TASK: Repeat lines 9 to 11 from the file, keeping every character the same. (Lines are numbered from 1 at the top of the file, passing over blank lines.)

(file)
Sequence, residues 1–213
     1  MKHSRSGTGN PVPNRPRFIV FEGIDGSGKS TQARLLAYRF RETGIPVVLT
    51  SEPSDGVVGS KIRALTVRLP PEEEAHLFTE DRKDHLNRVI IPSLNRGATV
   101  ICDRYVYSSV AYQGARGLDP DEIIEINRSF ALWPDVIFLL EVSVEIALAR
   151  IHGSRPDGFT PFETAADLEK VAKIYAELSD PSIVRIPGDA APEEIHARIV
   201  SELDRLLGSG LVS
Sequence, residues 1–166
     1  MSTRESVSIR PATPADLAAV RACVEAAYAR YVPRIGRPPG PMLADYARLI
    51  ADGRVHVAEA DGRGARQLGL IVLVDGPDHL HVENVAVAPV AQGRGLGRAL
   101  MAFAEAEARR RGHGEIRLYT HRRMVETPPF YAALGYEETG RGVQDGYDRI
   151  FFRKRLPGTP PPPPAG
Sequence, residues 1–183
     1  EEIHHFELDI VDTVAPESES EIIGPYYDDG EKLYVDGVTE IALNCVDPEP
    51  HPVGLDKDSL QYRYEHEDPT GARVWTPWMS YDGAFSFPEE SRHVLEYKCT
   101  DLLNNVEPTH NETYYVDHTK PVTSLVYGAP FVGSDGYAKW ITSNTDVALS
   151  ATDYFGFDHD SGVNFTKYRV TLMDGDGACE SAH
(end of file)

    51  ADGRVHVAEA DGRGARQLGL IVLVDGPDHL HVENVAVAPV AQGRGLGRAL
   101  MAFAEAEARR RGHGEIRLYT HRRMVETPPF YAALGYEETG RGVQDGYDRI
   151  FFRKRLPGTP PPPPAG